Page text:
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Carbon dynamics in topsoil and subsoil along a cultivated toposequence

DOI: 10.1016/j.catena.2014.03.014
  • Carbon Sequestration
  • Cultivated Landscape
  • Soil Profile
  • Soil Respiration
  • Temperature Sensitivity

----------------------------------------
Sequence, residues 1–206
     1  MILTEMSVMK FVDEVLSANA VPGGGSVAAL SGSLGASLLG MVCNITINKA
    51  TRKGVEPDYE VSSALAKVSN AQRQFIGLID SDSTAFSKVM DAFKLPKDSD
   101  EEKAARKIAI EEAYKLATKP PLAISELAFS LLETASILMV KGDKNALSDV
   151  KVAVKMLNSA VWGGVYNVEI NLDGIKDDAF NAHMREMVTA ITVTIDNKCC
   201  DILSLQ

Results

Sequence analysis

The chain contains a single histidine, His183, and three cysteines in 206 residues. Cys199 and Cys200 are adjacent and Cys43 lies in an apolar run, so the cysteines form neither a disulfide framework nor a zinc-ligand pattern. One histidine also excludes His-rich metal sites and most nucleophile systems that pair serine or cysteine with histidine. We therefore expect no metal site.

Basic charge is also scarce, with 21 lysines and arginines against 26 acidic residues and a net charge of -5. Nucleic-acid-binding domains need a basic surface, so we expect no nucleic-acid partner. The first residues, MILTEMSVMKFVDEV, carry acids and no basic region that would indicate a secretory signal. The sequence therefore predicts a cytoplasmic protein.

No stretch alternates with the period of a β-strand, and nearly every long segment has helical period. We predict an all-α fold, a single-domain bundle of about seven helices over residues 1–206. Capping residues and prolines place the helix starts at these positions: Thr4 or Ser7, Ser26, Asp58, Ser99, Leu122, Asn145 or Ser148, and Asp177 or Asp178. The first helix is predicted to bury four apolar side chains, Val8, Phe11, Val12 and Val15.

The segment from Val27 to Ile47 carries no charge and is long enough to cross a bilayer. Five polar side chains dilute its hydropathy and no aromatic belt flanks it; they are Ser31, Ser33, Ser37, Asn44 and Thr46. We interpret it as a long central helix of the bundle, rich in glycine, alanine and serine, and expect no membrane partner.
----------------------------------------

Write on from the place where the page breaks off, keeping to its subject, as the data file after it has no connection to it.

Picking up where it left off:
Abstract Topography-induced spatial heterogeneity influences soil organic carbon (SOC) stocks and microbial degradation (respiration) both in topsoil and subsoil compartments. However, the interaction between topographic position and soil horizons has rarely been assessed. This study aimed to investigate SOC dynamics in topsoil (5cm) and subsoil horizons (40 and 80cm) at shoulderslope and footslope positions in a toposequence in a Danish winter wheat field. In addition, SOC was quantified for 20-cm depth intervals to 100cm depths. Over a 1year period, gas samples for carbon dioxide (CO2) and oxygen (O2) analyses were collected from seven different soil depths (5 to 80cm) at the shoulder- and footslope positions. Soil surface CO2 fluxes were measured over a shorter period (January to June 2012). Soil samples from 5 and 40cm depths were incubated at 5 to 34°C to determine the temperature sensitivity (Q10) of soil respiration. Results showed that SOC stocks to a soil depth of 1m were larger at footslope (202MgCha−1) compared to shoulderslope (44MgCha−1) positions. Mean annual soil CO2 concentrations were higher at footslope positions, and increased with depth at both shoulder- and footslope positions. Temperature sensitivity of C turnover was similar in topsoil at shoulderslope (Q10=2.5) and footslope (Q10=2.6) positions; in subsoil (40cm), however, Q10 was lower at shoulderslope (Q10=2.0) than footslope (Q10=3.2) positions. Further, shoulderslope subsoil had less non-complexed organic C than footslope subsoil, suggesting that the shoulderslope subsoil was not C saturated and had higher potential for C stabilization. Despite the dissimilar subsoil characteristics at shoulder- and footslope positions, soil surface CO2 effluxes were similar, suggesting low contribution of subsoil C to short-term surface CO2 fluxes at footslope positions.

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